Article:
SALTON SEA, Calif. (KGTV) - Four years ago a 10News crew traveled to Bombay Beach on the eastern side of the Salton Sea. This once thriving resort community is littered with abandoned homes and some of the 200 plus residents who still live there struggle to get out. People like the man who would only identify himself as “Bucky.”
"We own two houses. We can't replace what we have into them,” says Bucky. “Basically we're stuck. Me and my wife talked about it a couple of weeks ago I said, 'You know we're gonna die here.'"
Bucky is like so many who call the Salton Sea home. They feel forgotten, hopeless, and helpless. In 2003 California Legislators promised to restore the dying sea and its vital ecosystem with almost $9-billion. But that promise, like so many others since, was broken to the people who live here.
But two years ago Governor Jerry Brown allocated a mere $80-million in an attempt to avoid an enormous environmental disaster. That may seem like a lot of money, but as Senator Ben Hueso , whose district encompasses the Salton Sea explains, “$80-million is a drop in the bucket” for a problem of this size.
So, four years later our 10News crew decided to return to the Salton Sea to see how residents who live there are managing their lives and what that $80-million is being used for. We were surprised to find not much has changed. In fact, very little money has been spent, the situation is rapidly getting worse, and the people who live there fear more broken promises.
There is no denying the Salton Sea is disappearing.
"This is the water line previously,” says Tony May who owns several houses near the shoreline in Salton City.
May points to the back edge of his yard and down to a dusty beach below where water from the Salton Sea used to lap up on his property.
“It was right here as of 1993,” explains May smiling remembering a time when the property was right on the water.
Today the water line is no less than 300 yards away and separated by a dusty playa scattered with dead fish and a foul-smelling body of water that once was a prime resort for fishing and waterskiing. And, it's only getting worse. The sea is shrinking more rapidly now that flows from the Colorado River were officially cut off at the beginning of 2018. Within years thousands of acres of seabed, like that behind Tony May’s home will be exposed. The waterfront property is now only a dream to May, the boat docks are entirely useless, and 300 yards of seabed that used to be 10 feet underwater, are now just a dusty beach. Playa that according to the Salton Sea Authority contains toxic chemicals like selenium, arsenic, and DDT . Tony and many others who live and work here, claim the dust from that dry beach is what's causing their respiratory issues.
"They can't breathe anymore, they're getting asthma,” says May. “They never had asthma. I talk to the employees in town and they say the more that sea dries out the more it effects our health."
The Salton Sea will never return to its riviera prime. The concern now is not so much saving the sea, but instead averting disaster by creating wetlands to control the dust storms.
“Because it's a major problem. It's a very big problem," says Senator Ben Hueso from California’s 40th District and home to the Salton Sea.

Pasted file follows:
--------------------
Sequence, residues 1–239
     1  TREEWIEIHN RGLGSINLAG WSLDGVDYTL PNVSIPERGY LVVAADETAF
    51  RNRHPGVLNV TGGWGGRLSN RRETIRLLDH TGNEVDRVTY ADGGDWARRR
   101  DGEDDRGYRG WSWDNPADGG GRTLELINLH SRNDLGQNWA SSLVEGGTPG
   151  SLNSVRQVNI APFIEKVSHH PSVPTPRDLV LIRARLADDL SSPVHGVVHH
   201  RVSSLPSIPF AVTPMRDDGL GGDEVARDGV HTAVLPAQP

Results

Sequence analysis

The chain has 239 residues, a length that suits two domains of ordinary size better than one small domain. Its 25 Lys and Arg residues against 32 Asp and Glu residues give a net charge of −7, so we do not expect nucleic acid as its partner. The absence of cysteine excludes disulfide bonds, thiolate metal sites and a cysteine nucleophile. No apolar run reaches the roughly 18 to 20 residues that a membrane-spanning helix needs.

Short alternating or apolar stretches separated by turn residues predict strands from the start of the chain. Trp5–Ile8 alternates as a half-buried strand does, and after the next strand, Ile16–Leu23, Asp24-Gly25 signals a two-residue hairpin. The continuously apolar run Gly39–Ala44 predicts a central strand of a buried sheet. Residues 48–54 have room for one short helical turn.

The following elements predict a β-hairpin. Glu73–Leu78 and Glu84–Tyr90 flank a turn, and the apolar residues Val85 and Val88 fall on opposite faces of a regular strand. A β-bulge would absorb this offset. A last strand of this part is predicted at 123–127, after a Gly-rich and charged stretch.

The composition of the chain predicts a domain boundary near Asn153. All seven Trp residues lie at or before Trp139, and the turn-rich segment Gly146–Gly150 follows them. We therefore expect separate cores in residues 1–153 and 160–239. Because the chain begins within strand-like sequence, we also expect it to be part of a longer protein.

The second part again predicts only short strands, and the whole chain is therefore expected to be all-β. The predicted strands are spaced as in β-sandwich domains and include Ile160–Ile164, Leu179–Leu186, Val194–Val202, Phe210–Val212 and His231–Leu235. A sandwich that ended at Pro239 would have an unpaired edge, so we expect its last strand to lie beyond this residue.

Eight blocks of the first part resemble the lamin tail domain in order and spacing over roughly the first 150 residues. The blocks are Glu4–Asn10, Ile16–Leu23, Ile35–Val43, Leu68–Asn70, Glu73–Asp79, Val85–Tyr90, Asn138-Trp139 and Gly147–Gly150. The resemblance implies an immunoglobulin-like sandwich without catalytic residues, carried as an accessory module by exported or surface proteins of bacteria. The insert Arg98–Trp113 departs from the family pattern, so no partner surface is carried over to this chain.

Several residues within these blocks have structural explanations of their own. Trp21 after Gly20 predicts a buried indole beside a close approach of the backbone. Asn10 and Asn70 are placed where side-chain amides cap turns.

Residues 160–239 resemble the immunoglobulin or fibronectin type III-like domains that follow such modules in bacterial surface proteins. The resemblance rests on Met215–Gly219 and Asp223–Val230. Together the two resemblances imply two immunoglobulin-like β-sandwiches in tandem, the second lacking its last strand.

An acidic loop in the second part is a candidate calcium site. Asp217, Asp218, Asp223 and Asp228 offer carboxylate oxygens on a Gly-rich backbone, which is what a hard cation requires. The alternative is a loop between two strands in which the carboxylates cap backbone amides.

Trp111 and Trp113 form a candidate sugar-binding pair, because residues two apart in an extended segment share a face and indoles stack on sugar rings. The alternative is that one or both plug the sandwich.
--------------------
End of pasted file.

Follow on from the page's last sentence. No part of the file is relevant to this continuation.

Senator Hueso has been fighting an uphill battle for this region for almost a decade.
"What is going to happen should this sea begin to dry up? We're going to see that exacerbate," says Hueso. "Right now Imperial County has cities with the poorest air quality in the country. Highest asthma rates in the country . The price tag of doing nothing to fix the Salton Sea is going to be costlier than actually putting some resource into fixing it."
The price tag has always been a problem for the Salton Sea dating back 15 years. State officials promised to restore the Sea in 2003 with $8.9-billion. That promise, like many others for this region, was broken.
In 2016 a mere $80 million was allotted by Governor Brown in his budget, with promises of millions more to come. $20-million of that money would go towards staff and consultants to fix the Salton Sea. The remaining $60-million would go to actual construction. But two years later only $3 million has been spent on staff and consultants according to Bruce Wilcox who is Assistant Secretary and an Ecologist with the Salton Sea Policy. Not a dime has been spent on construction of wetlands to mitigate the blowing dust.
"This is the old marina. And probably this is one of the most visually enticing places to see how far the water has receded," says Frank Ruiz with Audobon California looking over a desolate landscape that was once the thriving Salton City Marina.
Ruiz’ job is to monitor the migratory birds who travel through the Salton Sea along the Pacific Flyway which stretches from Alaska to Patagonia at the southernmost tip of South America, shared by Argentina and Chile.
"We should not wait until the crisis is on top of us. Because then the cost of inaction will be way too high,” adds Ruiz.
A study conducted by the Pacific Institute estimates the cost of doing nothing with the Salton Sea could reach as little as $30-billion if nothing is done and possibly as much as $70-billion. Ruiz has watched the sea recede for years and says he fears the growth of respiratory issues, not just for those who live in this region but eventually as far away as San Diego. He's also witnessed a massive decline of migratory birds, which play a huge role in the ecology of the region.
"I think birds and wildlife are good indicators of how good or how bad your environment is. If the birds go, if the wildlife go, we will go next."
If that’s true, as Senator Hueso mentioned, that $80-million absolutely will be a drop in the bucket.